‘English Cat’ Snarls and Bites


Thirty years after its premiere, Hans Werner Henze’s opera “The English Cat,” which was performed last week at USC’s Bing Theatre by members of that university’s Thornton School of Music, retains its power to disturb. In an era where “class warfare” has reentered the popular lexicon, not to mention an awareness that the chasm between the affluent and those who live hand-to-mouth is gaping ever wider, the work not only remains topical, but perhaps even more relevant today.

At first glance seemingly only an animal fable, “The English Cat” is in fact a deadly serious parable.

Henze’s music, too, is double-sided. “Accessible” neo-classicism on the surface. But unlike Stravinskian neo-classicism, which amounted to composers ironically trying on different hats from different ages, Henze’s use of the idiom is subtler, streaked with danger. His neo-classical forms whirr and drone on stripped of their organic meanings and purposes, like insects whose brains fester with zombie fungi seem to be “alive” but in reality have become revenants acting solely on the impulse of their fungus.

Modern life is itself a void, the music intimates.

It was an aspect heavily underlined by Ken Cazan’s production, which teetered between the naïve and the grotesque. Cazan’s vision, like that of Henze’s and his librettist Edward Bond, mercilessly skewers the mores, the highfalutin hypocrisies of late capitalist society. And “merciless” it indeed was.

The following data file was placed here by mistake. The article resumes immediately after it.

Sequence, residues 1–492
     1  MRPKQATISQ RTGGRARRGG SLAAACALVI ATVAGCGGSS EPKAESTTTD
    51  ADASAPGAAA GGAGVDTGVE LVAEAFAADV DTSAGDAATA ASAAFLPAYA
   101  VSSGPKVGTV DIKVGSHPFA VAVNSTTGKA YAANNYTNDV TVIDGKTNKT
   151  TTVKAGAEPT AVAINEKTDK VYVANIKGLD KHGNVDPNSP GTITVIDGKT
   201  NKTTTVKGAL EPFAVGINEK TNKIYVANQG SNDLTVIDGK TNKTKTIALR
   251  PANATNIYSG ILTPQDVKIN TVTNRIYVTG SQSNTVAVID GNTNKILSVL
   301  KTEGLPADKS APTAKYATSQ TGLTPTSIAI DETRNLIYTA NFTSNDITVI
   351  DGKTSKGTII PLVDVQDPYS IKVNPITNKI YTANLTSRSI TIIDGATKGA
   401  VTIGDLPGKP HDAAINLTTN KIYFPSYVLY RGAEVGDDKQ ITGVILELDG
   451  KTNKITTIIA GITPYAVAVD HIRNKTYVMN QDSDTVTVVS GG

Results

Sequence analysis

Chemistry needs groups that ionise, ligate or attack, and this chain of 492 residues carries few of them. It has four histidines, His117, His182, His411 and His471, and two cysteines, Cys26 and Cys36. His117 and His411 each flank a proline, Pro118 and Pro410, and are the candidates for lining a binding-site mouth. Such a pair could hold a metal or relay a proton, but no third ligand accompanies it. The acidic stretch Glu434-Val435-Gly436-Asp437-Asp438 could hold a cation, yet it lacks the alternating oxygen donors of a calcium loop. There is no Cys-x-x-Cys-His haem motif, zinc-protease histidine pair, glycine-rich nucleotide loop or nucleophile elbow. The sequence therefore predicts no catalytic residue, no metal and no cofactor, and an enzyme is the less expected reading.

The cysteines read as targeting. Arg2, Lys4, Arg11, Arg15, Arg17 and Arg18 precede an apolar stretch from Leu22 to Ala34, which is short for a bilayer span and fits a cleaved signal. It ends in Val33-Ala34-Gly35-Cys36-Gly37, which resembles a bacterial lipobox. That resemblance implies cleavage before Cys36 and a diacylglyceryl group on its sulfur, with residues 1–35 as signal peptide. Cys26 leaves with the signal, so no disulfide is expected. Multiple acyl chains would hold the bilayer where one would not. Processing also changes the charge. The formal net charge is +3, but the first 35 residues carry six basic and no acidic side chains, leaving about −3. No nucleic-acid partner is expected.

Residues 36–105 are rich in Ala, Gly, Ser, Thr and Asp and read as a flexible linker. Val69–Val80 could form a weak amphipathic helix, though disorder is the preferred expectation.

Throughout the opera their shared vision rang with truth, confounding ideologues and moralists on either side of the political spectrum – nobody is blameless, everyone is guilty. In an instant, the righteous outrage of the downtrodden can turn into the jackboot of the oppressor. If the audience wasn’t squirming in their seats as they listened and watched, they should have been. The desperate atmosphere of the closing lines of Gogol’s “The Inspector General” – “What are you laughing at? You’re laughing at yourselves!” – permeates the opera.

The acting, to say nothing of the singing by the students of the USC Thornton School of Music, met the demands of composer, librettist and producer with aplomb.

Jason Su’esu’e as the effete, bloviating Lord Puff was particularly memorable. Vicious, prone to orotundities, reveling in his affluence, Su’esu’e’s rendering of the character was nothing short of stunning. Soprano Emma Grisley as his would-be love interest/object of acquisition Minette was every bit his equal. Her light, agile voice made seemingly easy work of the composer’s challenging vocal writing, gliding effortlessly between naïveté and icy cunning.

The small orchestra was expertly conducted by Brent McMunn, who drew out precise playing and limpid textures from this pungent score.

“The English Cat” is a nasty work – sarcastic, rife with irony, too disturbing to be forthrightly “funny.” But it lingers in the mind as it ought to do – to provoke reflection. And the stunning production by Cazan and the USC Thornton School will be something that, rightfully, should endure in their audiences’ memories.

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